The influence of Christopher Guest is felt throughout "Blackballed: The Bobby Dukes Story," a mildly amusing mockumentary about a disgraced paintball champ who wants one more shot. Shattershot comedy pales in comparison with "Best in Show" and "Waiting for Guffman," but still manages a fair share of chuckles and a few belly laughs.
The influence of Christopher Guest is felt throughout “Blackballed: The Bobby Dukes Story,” a mildly amusing mockumentary about a disgraced paintball champ who wants one more shot. Shattershot comedy pales in comparison with “Best in Show” and “Waiting for Guffman,” but still manages a fair share of chuckles and a few belly laughs. Two years after appearing on the fest circuit, pic finally kicks off a theatrical run April 13 at New York’s Two Boots Pioneer Theater. Delayed release might work in its favor, given lead player Rob Corddry’s increased exposure as a “correspondent” for Comedy Central’s “The Daily Show.”
Alternating between staged interviews and faux cinema verite, “Blackballed” charts the comeback trail traveled by Bobby Dukes (Corddry), an ace paintballer who was caught trying to wipe the paint from his jersey after being struck by an opponent during the 1993 Hudson Valley Paintball Classic. Unfortunately, his efforts did not go unnoticed. (A nice touch: The shameful event is re-created with He-Man action figures during an ever-so-solemn prologue.)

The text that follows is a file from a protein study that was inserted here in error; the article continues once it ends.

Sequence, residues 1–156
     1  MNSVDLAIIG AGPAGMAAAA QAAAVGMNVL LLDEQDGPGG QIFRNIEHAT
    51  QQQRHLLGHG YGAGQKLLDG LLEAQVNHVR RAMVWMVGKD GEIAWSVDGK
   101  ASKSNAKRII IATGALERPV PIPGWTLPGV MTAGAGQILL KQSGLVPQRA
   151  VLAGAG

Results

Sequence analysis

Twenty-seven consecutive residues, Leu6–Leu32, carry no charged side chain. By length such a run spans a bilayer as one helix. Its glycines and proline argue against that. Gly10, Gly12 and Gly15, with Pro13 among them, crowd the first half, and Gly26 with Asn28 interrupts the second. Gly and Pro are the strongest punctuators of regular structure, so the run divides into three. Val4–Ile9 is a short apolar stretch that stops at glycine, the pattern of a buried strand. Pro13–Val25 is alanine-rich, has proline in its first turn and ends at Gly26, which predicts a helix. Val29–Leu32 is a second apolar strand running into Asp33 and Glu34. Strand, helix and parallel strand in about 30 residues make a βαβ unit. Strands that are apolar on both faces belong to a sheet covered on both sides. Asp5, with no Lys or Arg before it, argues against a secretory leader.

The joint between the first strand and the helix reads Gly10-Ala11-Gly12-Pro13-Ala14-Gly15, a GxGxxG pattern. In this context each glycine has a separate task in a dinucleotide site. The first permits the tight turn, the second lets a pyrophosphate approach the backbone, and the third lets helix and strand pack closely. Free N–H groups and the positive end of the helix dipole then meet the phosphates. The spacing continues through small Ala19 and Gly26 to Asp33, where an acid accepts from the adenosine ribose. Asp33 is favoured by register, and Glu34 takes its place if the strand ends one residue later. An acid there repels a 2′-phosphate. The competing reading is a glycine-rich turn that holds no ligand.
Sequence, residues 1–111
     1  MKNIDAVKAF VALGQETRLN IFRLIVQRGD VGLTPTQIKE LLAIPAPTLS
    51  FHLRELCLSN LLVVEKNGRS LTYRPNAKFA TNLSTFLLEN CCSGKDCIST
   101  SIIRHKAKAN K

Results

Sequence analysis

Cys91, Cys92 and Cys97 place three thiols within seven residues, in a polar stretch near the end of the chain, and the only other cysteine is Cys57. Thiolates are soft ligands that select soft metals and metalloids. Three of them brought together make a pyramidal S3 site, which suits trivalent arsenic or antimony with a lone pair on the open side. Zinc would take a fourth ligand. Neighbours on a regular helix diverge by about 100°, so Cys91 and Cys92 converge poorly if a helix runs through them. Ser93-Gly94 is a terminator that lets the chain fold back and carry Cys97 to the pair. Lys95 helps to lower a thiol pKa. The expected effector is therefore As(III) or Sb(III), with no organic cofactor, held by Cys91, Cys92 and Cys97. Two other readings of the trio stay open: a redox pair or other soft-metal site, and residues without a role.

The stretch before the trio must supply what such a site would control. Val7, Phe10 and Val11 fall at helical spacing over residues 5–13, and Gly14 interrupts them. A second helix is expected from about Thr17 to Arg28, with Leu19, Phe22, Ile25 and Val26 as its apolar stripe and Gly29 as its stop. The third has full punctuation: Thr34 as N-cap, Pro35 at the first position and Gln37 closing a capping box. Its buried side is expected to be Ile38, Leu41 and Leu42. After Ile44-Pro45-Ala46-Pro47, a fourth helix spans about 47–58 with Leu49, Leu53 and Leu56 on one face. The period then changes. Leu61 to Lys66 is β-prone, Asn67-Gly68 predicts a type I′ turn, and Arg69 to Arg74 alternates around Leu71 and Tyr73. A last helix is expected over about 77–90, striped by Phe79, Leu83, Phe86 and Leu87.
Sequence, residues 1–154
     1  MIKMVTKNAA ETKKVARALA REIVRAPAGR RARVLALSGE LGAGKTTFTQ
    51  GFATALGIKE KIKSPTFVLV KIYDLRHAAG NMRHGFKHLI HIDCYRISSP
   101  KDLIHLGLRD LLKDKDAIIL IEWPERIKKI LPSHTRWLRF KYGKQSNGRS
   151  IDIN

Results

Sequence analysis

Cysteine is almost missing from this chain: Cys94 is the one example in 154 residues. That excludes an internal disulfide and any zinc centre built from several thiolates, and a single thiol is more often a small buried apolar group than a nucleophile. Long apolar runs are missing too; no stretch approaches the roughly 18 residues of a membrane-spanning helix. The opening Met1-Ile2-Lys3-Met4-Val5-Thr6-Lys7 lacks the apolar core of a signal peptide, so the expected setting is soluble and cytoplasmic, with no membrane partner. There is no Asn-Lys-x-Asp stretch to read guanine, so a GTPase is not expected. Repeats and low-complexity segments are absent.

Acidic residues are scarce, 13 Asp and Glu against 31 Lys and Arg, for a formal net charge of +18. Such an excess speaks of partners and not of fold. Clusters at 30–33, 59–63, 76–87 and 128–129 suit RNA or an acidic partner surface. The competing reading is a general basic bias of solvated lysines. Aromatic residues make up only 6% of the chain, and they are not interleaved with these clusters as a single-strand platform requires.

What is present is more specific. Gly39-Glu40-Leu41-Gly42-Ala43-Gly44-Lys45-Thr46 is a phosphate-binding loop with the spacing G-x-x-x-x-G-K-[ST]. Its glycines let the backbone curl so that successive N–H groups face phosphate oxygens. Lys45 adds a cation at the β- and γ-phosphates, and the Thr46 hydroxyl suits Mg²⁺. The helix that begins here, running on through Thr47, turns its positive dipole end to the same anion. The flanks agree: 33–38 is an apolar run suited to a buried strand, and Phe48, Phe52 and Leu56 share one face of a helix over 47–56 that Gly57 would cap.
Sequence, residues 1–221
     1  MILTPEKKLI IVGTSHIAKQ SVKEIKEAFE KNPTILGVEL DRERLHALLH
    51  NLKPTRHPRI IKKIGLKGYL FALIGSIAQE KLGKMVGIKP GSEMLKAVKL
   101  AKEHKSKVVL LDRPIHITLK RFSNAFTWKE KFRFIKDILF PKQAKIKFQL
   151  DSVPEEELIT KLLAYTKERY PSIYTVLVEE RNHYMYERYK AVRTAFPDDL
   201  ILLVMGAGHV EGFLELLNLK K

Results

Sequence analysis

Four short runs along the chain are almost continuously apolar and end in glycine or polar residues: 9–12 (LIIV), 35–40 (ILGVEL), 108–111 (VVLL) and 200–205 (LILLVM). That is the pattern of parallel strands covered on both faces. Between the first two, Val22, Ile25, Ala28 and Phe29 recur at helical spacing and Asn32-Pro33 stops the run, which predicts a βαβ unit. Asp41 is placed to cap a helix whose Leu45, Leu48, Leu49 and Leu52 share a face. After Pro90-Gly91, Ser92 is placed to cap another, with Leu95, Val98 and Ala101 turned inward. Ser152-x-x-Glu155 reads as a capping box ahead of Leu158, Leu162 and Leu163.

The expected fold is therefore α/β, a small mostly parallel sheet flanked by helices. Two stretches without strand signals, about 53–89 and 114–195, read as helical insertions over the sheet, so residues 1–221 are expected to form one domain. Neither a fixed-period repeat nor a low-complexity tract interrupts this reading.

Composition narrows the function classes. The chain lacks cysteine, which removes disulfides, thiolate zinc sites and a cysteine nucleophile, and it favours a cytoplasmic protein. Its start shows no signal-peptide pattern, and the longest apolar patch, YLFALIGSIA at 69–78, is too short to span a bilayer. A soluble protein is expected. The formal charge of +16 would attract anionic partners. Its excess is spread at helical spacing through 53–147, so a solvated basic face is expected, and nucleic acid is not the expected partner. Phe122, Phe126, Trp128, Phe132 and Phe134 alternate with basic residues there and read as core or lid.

After 10 years of self-exile, Bobby returns to Hudson Valley to reclaim his former title. He seeks guidance from a gung-ho paintball coach (DJ Hazard), then assembles a makeshift team that includes a dreamy hippie (Seth Morris), a vidgame addict (Curtis Gwinn), a bellicose ex-Marine (Rob Riggle) and, ironically, the geeky ref (Paul Scheer) who exposed Bobby a decade ago. Erika (Dannah Feinglass), Bobby’s sweetly dippy sister, serves as backup player and, more important, uniform designer.
Working from a scenario he contrived with Brian Steinberg, helmer Brant Sersen gives his actors plenty of time and room to expand and embellish their characters through extended improvisation. Unfortunately, there are a few too many stretches where inspiration is in short supply, and the ensemble simply treads water between truly funny bits.
On the plus side, Corddry effectively underplays while neatly balancing satire and seriousness, serving as the pic’s center of gravity while the other co-stars (most notably, Hazard and Riggle) go over the top to get big laughs. A preliminary match-up against a Canadian paintball team has an enjoyably lunatic edge. And the deliberately jittery hand-held lensing enhances the mockery in this mockumentary.